Appellants, Carthal Deane Harper and Loraine Harper, the stepfather and mother of James Dennis Caskin, Jr., a minor, sought to adopt James Dennis Caskin, Jr. without the consent of the minor's father, appellee James Dennis Caskin. In doing so appellants relied upon Ark.Stat.Ann. § 56-207(a)(2) (Supp.1977), which provides:
The trial court denied appellants' petition finding that "it has not been shown that the Respondent failed for a period of (1) year, significantly without justifiable cause to communicate with and/or provide care and support for James Dennis Caskin, Jr."
The record shows that appellee and appellant, Loraine Harper, were formerly husband and wife. James Dennis Caskin, Jr. was born to that marriage. Appellee and Loraine were divorced in July, 1973, and Loraine was awarded custody of James Dennis Caskin, Jr. Loraine married appellant Carthal Deane Harper in December, 1973. A prior petition for adoption was dropped in 1975.
Carthal Deane Harper testified that he had not communicated with appellee in the past two years. He did not remember receiving any support from appellee since January of 1977. He did not know of any communications his wife may have had with appellee.
Loraine Harper, the natural mother, testified that she did not recall communicating with appellee between Christmas of 1976 and the filing of the petition in March, 1978. The last child support she received from appellee was $100 in January, 1977. She remembered calling appellee once in North Carolina, but she did not remember the date. Appellee had visited with the child three or four times since April of 1978. She is presently under court orders to let appellee visit with the child.
Carolyn Caskin, the wife of appellee, testified that Mrs. Harper called her landlord in North Carolina in June of 1977 but that Mrs. Harper refused to talk to her when she called Mrs. Harper back. The Caskins sent $50 in July, 1977, when appellee was in the hospital. Appellee, while in the Armed Services, developed epileptic seizures in October, 1976, and was in and out of the hospital during 1977. Appellee was severed from the Marines in October, 1977, with a lump sum payment of $19,000. Appellee is now an out patient at the V. A. Hospital in Little Rock. Mrs. Caskin says that she and appellee had visitation problems with Mrs. Harper. They did not contact her about visitation upon returning to Little Rock in November, 1977, because they thought it would do no good. When they did visit, Mrs. Harper required that the visiting be done in Mr. Harper's home. Appellee is still having seizures and has been unable to obtain employment since his discharge.
Appellee testified that he made his child support payments in 1975 and 1976. He last visited the child Thanksgiving, 1975. Mrs. Harper has prevented him from seeing the child since that time. Mrs. Harper called him in June, 1977, and told him that she needed $300 because the child was sick. At the time he was in the hospital receiving only one-half pay; he sent $50 in July, 1977. He could only communicate with his child through Mrs. Harper. He did not ask to speak to the child because he thought it would do no good. He had had three seizures since returning to Little Rock in November, 1977, and has been an out patient from the V. A. Hospital since returning to Little Rock. He is not presently working and has no income. He has visited the child four times since April, 1978. He says the child is entitled to V. A. benefits, but Mrs. Harper told him she was not interested in V. A. benefits.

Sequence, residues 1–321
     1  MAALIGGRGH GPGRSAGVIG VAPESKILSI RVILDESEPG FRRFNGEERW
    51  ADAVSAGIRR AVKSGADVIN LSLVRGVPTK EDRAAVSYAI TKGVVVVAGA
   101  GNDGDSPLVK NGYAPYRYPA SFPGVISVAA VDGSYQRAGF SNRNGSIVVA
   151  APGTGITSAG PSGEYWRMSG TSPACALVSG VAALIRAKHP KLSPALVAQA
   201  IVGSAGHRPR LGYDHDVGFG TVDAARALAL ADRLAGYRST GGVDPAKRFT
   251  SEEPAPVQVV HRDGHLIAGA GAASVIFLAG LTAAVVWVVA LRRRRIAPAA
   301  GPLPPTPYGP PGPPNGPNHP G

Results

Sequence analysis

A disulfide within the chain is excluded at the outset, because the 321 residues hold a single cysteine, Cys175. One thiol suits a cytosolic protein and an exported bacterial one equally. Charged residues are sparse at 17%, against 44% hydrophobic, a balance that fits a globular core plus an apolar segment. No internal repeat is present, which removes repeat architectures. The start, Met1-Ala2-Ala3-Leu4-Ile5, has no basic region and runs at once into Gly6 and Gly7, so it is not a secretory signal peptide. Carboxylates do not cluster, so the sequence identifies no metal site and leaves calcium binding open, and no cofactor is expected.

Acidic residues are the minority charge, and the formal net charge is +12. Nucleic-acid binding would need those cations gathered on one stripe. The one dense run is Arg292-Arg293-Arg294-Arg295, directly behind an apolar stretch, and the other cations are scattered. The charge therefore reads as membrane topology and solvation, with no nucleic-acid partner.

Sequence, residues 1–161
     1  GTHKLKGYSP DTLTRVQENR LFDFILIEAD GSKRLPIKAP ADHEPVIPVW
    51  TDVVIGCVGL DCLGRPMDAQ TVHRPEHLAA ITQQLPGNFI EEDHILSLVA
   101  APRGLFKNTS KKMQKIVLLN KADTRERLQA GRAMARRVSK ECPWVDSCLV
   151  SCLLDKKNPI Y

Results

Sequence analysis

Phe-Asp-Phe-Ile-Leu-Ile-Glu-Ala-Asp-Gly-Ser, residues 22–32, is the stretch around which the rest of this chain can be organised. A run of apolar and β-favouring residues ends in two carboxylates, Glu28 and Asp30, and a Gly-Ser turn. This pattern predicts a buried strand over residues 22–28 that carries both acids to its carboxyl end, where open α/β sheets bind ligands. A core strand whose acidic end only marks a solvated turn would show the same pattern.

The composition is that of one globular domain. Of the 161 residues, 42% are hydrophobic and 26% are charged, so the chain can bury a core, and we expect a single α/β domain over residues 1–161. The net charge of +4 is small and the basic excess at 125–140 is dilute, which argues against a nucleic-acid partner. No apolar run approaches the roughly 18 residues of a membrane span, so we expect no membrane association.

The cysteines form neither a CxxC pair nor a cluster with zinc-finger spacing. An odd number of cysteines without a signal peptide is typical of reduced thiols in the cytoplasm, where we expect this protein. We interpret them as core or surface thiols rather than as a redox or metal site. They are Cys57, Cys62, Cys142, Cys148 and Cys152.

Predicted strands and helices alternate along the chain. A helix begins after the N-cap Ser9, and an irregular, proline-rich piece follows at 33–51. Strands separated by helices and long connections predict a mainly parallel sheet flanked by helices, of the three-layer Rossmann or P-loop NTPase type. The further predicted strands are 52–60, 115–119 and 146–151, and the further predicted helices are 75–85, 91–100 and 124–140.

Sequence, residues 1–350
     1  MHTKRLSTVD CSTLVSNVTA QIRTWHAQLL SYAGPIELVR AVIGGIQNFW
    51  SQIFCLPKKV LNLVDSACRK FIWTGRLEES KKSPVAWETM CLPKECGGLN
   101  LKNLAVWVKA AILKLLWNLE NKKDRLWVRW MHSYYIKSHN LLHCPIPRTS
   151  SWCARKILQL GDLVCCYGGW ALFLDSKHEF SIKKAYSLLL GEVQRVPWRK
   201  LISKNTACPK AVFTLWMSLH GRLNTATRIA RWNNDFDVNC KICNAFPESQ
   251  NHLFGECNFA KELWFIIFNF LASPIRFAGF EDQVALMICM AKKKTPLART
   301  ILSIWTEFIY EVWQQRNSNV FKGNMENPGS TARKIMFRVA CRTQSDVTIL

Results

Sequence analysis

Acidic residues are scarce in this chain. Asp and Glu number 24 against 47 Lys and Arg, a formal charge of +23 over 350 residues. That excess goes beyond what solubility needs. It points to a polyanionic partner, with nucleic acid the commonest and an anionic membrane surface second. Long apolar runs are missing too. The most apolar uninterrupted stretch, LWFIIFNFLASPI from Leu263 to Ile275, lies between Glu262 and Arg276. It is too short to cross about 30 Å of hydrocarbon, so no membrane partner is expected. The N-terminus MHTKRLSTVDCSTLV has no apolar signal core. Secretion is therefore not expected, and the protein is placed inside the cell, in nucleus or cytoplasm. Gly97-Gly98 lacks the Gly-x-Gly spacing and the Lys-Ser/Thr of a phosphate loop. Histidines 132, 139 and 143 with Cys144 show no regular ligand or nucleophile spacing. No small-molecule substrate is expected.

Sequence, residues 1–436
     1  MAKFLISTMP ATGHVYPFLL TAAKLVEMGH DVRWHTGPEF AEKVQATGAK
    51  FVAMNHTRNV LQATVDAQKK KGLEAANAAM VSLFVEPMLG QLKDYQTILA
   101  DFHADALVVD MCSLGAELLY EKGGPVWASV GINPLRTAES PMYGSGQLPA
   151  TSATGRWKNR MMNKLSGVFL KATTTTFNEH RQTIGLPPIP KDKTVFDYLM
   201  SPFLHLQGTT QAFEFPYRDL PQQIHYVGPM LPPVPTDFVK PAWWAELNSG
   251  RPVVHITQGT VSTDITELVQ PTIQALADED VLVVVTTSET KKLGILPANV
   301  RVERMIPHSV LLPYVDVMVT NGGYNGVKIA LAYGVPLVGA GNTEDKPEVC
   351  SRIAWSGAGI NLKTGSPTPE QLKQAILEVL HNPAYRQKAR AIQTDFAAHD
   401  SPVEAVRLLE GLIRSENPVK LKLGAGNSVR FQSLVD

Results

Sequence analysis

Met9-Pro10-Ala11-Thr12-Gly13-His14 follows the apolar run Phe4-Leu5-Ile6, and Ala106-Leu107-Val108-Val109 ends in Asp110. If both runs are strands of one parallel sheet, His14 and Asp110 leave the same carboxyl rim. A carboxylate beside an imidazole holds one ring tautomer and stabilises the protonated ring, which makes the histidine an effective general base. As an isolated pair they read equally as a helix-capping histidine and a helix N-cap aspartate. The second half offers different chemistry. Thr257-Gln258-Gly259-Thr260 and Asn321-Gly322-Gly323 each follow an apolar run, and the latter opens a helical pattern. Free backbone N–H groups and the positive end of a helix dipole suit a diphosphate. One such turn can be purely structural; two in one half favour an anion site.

In arguing that the trial court erred, appellants accentuate the small amount of child support paid during the 12 months preceding the filing of the petition and the lack of communication and argue that under the statute, supra, they are entitled to adopt without the parent's consent when the parent has "substantially" failed in his legal duty to be a parent for a period in excess of one year. In making their contentions, appellants overlook the provision of the statute which requires that the parent's failure to support and communicate be "without justifiable cause. . . ." They also overlook the heavy burden of proof placed upon one wishing to adopt a child without the consent of the parent, i. e., by clear and convincing evidence. See In re Cozza, 163 Cal. 514, 126 P. 161 (1912) and In re Adoption of Porras, 13 A.D.2d 239, 215 N.Y.S.2d 778 (1961).
With respect to the burden cast upon one wishing to adopt a child against the consent of a parent, 2 Am.Jur.2d Adoption § 60 states:
In 2 C.J.S. Adoption of Persons § 96 under the title "Weight and Sufficiency of Evidence" the matter is stated:
In re Cozza, 163 Cal. 514, 126 P. 161 (1912), the burden on one wishing to adopt a child without the consent of a parent is stated:
When we consider that the failure of the parent must be without justifiable cause, we cannot say that the trial erred in holding that appellants had not sustained the heavy burden of proof placed upon them.
HARRIS, C. J., and FOGLEMAN, J, concur.